Here are two of MRP’s other past Viewpoints on our Oil theme:
HERE in the meantime are the latest articles on oil (the stories are summarized in the COMMODITY Section):
- Oil – Aramco To List Shares In Hong Kong ‘For Sure’
- Oil – Brazil Faces Offshore Oil Dilemma
- Oil – OPEC Reaffirms Iran’s Pledge to Supply Cuts
- Oil – Don’t Back U.S. Shale To Keep Oil Prices Down
- Oil – OPEC points to larger 2018 oil supply deficit as market tightens
CHARTS: Oil (OIL) vs Oil Services (OIH) vs Energy (XLE) vs S&P 500 (SPY)
OTHER STORIES HIGHLIGHTED IN TODAY’S DIBS:
- Bonds – Riskiest countries are selling debt at record rate
- Economics and Trade:
- Productivity – A smaller share of a smaller pie
- Greece – EU Heaps Praise on Greek Reforms as Post-Bailout Reckoning Nears
- NAFTA – NAFTA Negotiators Set to Look for Small Wins After US Threats
- F&B – Food prices would soar after no-deal Brexit, warns major dairy boss
- Fed – The One Yield Curve That Should Concern Powell
- IPOs – IPOs Roar Back World-Wide, With Asia Driving the Boom
- 3DP – GE to hone digital efforts, leverage additive manufacturing as it focuses on core businesses
- Microgrids – The Microgrid Imperative
- AVs – Telecoms versus carmakers in race to get connected
- EVs – UPS Wants to Convert 1,500 Delivery Trucks in NYC to Electric by 2020
- Aerospace – China’s satellite start-ups vie for private contracts
- Coal – CO2 emissions from coal fell by record amount in 2015, led by Texas and Midwest
- Metals – The Time Is Right For Industrial Metals Miners
- Energy & Environment:
- Solar – Hurricane Maria has made Puerto Rico the land of opportunity for solar power
- Pharma – Why Legal Risks Matter for Generic Drug Stocks
JOE MAC’S MARKET VIEWPOINT
- Joe Mac’s Market Viewpoint: A Review of MRP’s Latest Change-Driven Investment Themes
- Joe Mac’s Market Viewpoint: The Gathering Storm
- Joe Mac’s Market Viewpoint: The Trump Trade & STATUS QUO BIAS
- Joe Mac’s Market Viewpoint: Why India Now
- Joe Mac’s Market Viewpoint: Contrarian Crude Call
CURRENT MRP THEMES
TIPS (L) / Short-Dated UST (S)
Industrials & Materials (L)
U.S. Financials & Regional Banks (L)
Emerging Markets (L)
Oil & U.S. Energy (L)
U.S. Homebuilders & Construction (L)
U.S. Healthcare Providers & Pharma (S)
Gold & Gold Miners (L)
Robotics & Automation (S)
Video Gaming (L)
Value over Growth (L)
About the DIBs: MRP focuses on identifying transformational change in the global economy and offering an investment thesis whenever an opportunity arises that has not yet been recognized by the market. The DIBs are MRP’s compilation of articles and data from multiple sources on subjects reflecting disruptive change that have potential investment implications for an industry or group of securities. We share these with our clients who may already have or may be considering exposure in the industries affected. The subjects change daily and constitute an excellent update on featured topics.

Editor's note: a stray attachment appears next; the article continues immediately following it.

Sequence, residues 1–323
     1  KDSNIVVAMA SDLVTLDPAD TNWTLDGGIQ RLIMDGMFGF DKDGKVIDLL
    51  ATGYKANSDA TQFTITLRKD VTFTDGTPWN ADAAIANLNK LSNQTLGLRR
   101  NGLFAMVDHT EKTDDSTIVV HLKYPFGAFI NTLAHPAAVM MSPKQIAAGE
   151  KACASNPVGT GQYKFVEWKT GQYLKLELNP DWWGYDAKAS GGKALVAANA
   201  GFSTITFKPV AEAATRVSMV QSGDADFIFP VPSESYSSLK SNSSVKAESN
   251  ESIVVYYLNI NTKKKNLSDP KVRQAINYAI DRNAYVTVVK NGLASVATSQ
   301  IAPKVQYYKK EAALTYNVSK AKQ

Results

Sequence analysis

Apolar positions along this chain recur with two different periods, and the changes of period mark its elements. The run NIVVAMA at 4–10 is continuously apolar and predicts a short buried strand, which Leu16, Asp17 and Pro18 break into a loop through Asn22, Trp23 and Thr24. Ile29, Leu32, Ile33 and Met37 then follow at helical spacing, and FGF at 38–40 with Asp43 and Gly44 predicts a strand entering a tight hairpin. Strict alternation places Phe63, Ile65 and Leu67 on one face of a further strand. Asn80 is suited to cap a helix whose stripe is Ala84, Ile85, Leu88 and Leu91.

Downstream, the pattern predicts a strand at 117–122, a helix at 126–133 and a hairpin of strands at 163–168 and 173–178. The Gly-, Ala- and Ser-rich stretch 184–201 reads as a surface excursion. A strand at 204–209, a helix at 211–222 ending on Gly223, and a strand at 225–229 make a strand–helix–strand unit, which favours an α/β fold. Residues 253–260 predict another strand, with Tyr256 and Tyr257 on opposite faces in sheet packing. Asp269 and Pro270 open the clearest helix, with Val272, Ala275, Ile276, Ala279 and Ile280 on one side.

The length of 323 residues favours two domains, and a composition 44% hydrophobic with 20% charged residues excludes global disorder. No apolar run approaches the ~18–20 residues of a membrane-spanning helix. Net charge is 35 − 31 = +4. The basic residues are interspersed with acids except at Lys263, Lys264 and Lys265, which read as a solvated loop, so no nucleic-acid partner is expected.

MAJOR DATA POINTS
- United States, Treasury Budget, MoM, OCT: $-63.2 B from prior $8.0 B
- Malaysia, Unemployment Rate, MoM, SEP: 3.4% from prior 3.4%
- Kyrgyzstan, PPI, YoY, OCT: 1.7% from prior 0.7%
- Slovakia, Core Inflation Rate, YoY, OCT: 1.7% form prior 1.6%
- Portugal, Inflation Rate, YoY, OCT: 1.4% from prior 1.4%
- Serbia, Inflation Rate, YoY, OCT: 2.8% from prior 3.2%
- Russian Federation, GDP Growth Rate, YoY, Prei, Q3: 1.8% from prior 2.5%
Bonds – Riskiest countries are selling debt at record rate
The world’s riskiest countries are issuing debt at a record rate, buoyed by the global economic upturn and investors’ search for yield in a world of historically low returns. Junk-rated emerging market sovereigns have raised $75bn in syndicated bonds so far this year, up 50 per cent year on year to the highest total on record, according to figures from Dealogic, a data provider. The increase has buoyed the total volume of debt-raising by developing economies; non-investment grade issuance has made up 40 per cent of the new debt syndicated in EM so far in 2017.
These rare and new issuers have been lured into the market by attractive pricing — strong investor demand for EM debt has pushed pricing up and yields down, making it one of the best-performing assets globally in 2017. According to Bloomberg Barclays indices, EM’s local currency-denominated sovereign debt has returned 10.4 per cent since the start of this year, while dollar-denominated debt has returned 7.6 per cent. By contrast, US Treasuries have returned 2.5 per cent while European nations’ debt has returned 0.9 per cent. FT
ECONOMICS AND TRADE
Productivity – A smaller share of a smaller pie
Stagnant wages are at the heart of political developments in many western countries. That is obvious in an immediate sense, for example, in the US, where the “left-behind” have brought Donald Trump to power, and in the UK, where renewed wage squeezes have put additional pressure on an already fractured politics. But it is also a long-term political challenge. The extent to which the incomes of typical workers have decoupled from the overall growth of the economy during the past few decades matters enormously for what sort of political programmes are either possible or desirable.
But clearly wherever this pattern holds, a question for policymakers is how to interpret it and what to do about it. In the US until now, the loudest narrative has been that workers are no longer reaping the fruits of growth as they used to, and so the focus should shift to distribution and inequality rather than overall productivity growth.